Forced Arbitration Clauses Are Everywhere

Wall of Shame Shows More Than 100 Major Companies Force Consumers, Workers Into Private, Rigged Courts That Deny Justice

WASHINGTON, D.C. – From Netflix to Yahoo, from Starbucks to Macy’s and from Disney to Walmart, it’s getting increasingly difficult to earn or spend money without signing away your right to a day in court if you are the victim of a financial rip-off, sexual harassment, discrimination or wage theft. Public Citizen’s Forced Arbitration Wall of Shame lists more than 100 major companies that use arbitration clauses to force customers and workers into a private, rigged court system to resolve legal disputes.

Yet those are just the companies we know about. Forced arbitration clauses are likely far more widespread. So Public Citizen is calling on workers and consumers to blow the whistle on companies that use these odious provisions in their contracts to deny justice and escape accountability for criminal wrongdoing.

Forced arbitration clauses are written into the fine print of lengthy take-it-or-leave-it contracts that most people do not understand and cannot negotiate. They swing the legal balance of power to the corporation – preventing consumers, workers and small businesses from getting the justice they deserve.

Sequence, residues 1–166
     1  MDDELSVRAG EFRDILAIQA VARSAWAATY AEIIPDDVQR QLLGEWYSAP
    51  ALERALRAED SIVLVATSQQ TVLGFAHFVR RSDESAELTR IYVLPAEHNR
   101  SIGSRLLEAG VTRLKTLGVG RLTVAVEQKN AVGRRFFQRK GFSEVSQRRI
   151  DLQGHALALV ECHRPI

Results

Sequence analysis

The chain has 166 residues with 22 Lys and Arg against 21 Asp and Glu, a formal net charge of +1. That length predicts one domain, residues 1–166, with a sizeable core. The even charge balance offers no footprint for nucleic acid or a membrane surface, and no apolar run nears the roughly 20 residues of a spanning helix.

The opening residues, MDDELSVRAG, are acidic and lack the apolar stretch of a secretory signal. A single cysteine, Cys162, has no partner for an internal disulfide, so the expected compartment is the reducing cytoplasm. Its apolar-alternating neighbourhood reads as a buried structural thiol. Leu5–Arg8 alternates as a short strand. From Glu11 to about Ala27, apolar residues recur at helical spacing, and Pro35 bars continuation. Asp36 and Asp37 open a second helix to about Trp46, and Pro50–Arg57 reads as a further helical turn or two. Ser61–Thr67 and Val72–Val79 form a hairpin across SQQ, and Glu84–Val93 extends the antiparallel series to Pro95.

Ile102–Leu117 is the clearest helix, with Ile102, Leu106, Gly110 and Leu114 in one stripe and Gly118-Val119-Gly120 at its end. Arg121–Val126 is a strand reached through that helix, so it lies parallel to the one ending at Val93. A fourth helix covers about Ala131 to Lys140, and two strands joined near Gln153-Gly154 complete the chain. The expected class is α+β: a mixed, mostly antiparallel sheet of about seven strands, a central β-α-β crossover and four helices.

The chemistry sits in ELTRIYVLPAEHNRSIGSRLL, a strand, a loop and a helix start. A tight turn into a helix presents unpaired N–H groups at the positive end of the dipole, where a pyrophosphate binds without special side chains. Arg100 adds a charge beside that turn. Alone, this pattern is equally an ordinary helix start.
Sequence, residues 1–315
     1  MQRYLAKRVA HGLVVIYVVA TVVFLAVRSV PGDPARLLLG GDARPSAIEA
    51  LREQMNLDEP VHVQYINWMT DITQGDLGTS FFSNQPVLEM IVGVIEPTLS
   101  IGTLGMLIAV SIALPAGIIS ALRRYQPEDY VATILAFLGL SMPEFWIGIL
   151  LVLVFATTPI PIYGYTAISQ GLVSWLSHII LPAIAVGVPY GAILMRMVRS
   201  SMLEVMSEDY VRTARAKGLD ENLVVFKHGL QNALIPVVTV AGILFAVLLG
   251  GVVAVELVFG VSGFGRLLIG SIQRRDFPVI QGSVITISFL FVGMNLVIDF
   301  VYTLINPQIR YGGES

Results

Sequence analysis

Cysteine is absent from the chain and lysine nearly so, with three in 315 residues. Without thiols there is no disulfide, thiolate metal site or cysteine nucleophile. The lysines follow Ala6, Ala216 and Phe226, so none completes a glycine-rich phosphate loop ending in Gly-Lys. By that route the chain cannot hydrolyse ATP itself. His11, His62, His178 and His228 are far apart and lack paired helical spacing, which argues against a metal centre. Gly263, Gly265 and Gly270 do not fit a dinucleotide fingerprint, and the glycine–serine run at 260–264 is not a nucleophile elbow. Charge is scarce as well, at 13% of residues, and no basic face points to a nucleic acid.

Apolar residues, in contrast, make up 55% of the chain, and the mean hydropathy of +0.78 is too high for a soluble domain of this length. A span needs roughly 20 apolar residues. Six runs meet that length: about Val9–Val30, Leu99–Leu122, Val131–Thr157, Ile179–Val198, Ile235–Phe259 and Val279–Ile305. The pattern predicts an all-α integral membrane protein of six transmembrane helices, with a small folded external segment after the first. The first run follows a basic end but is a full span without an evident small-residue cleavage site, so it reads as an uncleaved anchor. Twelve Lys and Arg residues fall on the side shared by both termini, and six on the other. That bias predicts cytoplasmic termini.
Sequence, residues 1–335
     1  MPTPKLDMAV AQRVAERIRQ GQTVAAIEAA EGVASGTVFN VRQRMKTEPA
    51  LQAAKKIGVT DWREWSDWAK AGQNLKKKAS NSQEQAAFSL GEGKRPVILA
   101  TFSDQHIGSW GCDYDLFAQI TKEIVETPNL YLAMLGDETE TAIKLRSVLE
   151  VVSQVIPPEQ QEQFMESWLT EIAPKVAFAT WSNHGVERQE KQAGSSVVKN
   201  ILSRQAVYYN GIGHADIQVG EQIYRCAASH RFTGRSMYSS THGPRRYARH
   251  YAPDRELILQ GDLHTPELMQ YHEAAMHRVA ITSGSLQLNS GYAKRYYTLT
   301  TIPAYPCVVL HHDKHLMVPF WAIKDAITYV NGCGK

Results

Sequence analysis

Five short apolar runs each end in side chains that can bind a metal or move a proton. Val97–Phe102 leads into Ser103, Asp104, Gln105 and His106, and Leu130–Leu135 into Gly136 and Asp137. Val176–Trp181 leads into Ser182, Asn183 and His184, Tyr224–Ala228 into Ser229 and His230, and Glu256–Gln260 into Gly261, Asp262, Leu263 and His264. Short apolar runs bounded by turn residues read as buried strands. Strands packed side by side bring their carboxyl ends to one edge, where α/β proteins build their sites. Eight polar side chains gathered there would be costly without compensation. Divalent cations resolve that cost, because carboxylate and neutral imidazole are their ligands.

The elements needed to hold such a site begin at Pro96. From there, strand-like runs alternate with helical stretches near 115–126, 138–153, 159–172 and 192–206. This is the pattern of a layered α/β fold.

“Corporate America is forcing consumers and workers into arbitration with wild abandon. It is now ever-present in society,” said Remington A. Gregg, counsel for civil justice and consumer rights at Public Citizen. “This Wall of Shame is a wake-up call to Congress and the public. The only way to stop this madness is for the public to demand that Congress pass the Forced Arbitration Injustice Repeal (FAIR) Act, restoring every person’s right to hold corporate wrongdoers accountable for bad deeds. Without congressional action, corporate America will continue to stick a Get Out of Jail Free card into every contract you sign.”

Public Citizen is calling on Congress to pass the FAIR Act, which would ban pre dispute forced arbitration clauses for worker, consumer, civil rights and antitrust disputes. Instead, every person would have the choice to agree to arbitration post-dispute or resolve their dispute in court.